Jeb Bush, Marco Rubio Warn Republicans On Losing Hispanic Voters

Two prominent Florida Republicans are warning their party about losing the support of the nation's fastest growing ethnic group.

As the Republican candidates for President slog through the final days of campaigning in a state with a large Hispanic population, two Florida Republicans with strong ties to the Hispanic community are warning their party about rhetoric that threatens to alienate the fastest growing minority voting bloc in the country:

Senior Republicans including the brother of the former president George Bush have warned the party to avoid using “harsh, intolerable and inexcusable” language about illegal immigration or risk alienating Latino voters.

The Florida senator, Marco Rubio, and the state’s former governor Jeb Bush made their appeal before Tuesday’s primary, being contested by Newt Gingrich and Mitt Romney.

The Republican frontrunners clashed over illegal immigration in a debate earlier this week. The issue is emotive in Florida, which has the third largest Latino population in America.

Latinos make up 13% of Florida’s 11.2 million registered voters, according to data from the Florida Division of Elections, compiled by the Pew Hispanic Center.

“We must admit there are those among us that have used rhetoric that is harsh and intolerable and inexcusable,” Rubio said in a speech at the Hispanic Leadership Network in Miami on Friday.

“And we must admit, myself included, that sometimes we’ve been too slow to condemn that language for what it is.”


Bush also urged Republicans to temper their comments. “Hispanic people hear these debates and I think you turn them off. It’s not a good thing,” he said.

Bush also addressed the issue in a Washington Post Op-Ed published earlier this week in which he urges Republicans to rethink the way they think, and talk, about immigration:

Republicans should reengage on this issue and reframe it. Start by recognizing that new Americans strengthen our economy. We need more people to come to this country, ready to work and to contribute their creativity to our economy. U.S. immigration policies should reflect that principle. Just as Republicans believe in free trade of goods, we should support the freer flow of human talent.

We need to connect immigration to other pro-growth policies, so that new Americans can apply their talents here and succeed. The United States needs an economy that is vibrant and dynamic, open to the contributions of new entrants. We have to reduce regulations across our economy, whenever they impede economic dynamism and flexibility in the labor market. We need secure energy supplies, radical tax reform and a reduced footprint of power of the state.

Immigration reform requires economic reforms. We must be able to assure new Americans the opportunity to succeed and contribute their talents.

And when they come, as surely they will, we must welcome them, no matter whether they speak Spanish or Creole or Portuguese. When we hear foreign languages in the streets of America, that is a validation of the Republican vision to create a place where people want to come and make their lives. Hispanics here speak or are learning English — not French, Chinese or Hindi. There is a lesson in that, and Republicans should be the ones to champion it.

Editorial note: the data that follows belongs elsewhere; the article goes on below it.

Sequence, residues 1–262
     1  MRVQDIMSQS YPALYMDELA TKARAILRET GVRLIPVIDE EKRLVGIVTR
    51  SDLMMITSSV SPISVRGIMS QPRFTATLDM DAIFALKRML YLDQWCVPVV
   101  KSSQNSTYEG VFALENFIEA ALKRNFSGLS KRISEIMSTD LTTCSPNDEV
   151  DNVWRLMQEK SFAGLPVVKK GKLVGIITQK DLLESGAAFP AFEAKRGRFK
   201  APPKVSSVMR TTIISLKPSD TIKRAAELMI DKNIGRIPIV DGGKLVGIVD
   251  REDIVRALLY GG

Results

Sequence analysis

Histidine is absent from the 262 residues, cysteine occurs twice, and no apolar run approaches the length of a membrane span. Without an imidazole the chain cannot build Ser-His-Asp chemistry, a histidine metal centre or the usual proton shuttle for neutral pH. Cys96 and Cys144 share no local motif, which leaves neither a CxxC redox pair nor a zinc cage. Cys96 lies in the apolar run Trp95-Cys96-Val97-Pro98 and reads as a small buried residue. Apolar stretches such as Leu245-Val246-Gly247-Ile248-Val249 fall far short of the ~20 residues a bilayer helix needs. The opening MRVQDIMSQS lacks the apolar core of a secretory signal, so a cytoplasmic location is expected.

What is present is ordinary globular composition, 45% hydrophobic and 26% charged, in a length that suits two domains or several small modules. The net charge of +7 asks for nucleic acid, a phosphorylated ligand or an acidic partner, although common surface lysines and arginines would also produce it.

The one thing that has been striking about the two Republican debates in Florida this week is the manner in which the tone of the discussion about immigration has changed from previous debates. The lines about “border security” and immigrants taking American jobs, while not gone completely, were being counterbalanced by discussions about compassion and the value of immigrants. Both Newt Gingrich and Mitt Romney voiced support for a modified version of the DREAM Act that would give legal residency to illegal immigrants who serve in the military. Statehood for Puerto Rico was discussed as an option. And, both Romney and Gingrich made it clear that they were not in favor of deporting Grandmothers. It’s almost as if Rick Perry, another Governor from a state with a large Hispanic population who advocated programs like in-state tuition for the children of  illegal immigrants, were still in the race instead of having been shunned by his party’s base for advocating a policy that he called compassionate.

Of course, this is largely because the candidates are in Florida this week and eager to attract the support of the Cuban community in Miami and the large Puerto Rican community that resides around Orlando and in other areas of the state. Earlier this month, when they were in Iowa where anti-immigrant sentiment runs bizarrely high for a state that is more than 1,000 miles from the U.S.-Mexico border, the rhetoric was very different. The same goes for South Carolina. Next month, the candidates will be competing in states like Nevada and Arizona and it’s quite likely that the toned down rhetoric will be replaced with the same anti-immigrant rhetoric we saw a few weeks ago in Iowa. z